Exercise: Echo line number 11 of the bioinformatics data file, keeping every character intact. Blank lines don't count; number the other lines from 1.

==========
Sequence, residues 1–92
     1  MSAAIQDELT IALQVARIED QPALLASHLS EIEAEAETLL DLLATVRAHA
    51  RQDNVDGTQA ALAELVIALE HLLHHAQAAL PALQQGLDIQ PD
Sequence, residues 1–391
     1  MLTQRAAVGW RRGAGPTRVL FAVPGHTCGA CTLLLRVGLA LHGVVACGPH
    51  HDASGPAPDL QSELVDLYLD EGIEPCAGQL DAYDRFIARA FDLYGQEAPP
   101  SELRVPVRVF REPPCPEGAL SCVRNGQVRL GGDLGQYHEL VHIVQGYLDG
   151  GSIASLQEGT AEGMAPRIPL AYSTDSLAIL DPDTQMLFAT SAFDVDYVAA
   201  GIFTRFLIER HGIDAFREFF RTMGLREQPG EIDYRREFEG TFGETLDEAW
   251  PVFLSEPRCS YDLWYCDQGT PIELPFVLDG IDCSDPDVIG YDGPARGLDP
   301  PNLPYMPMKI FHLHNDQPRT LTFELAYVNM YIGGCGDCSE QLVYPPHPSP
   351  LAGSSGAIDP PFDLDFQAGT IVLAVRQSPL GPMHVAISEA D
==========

   301  PNLPYMPMKI FHLHNDQPRT LTFELAYVNM YIGGCGDCSE QLVYPPHPSP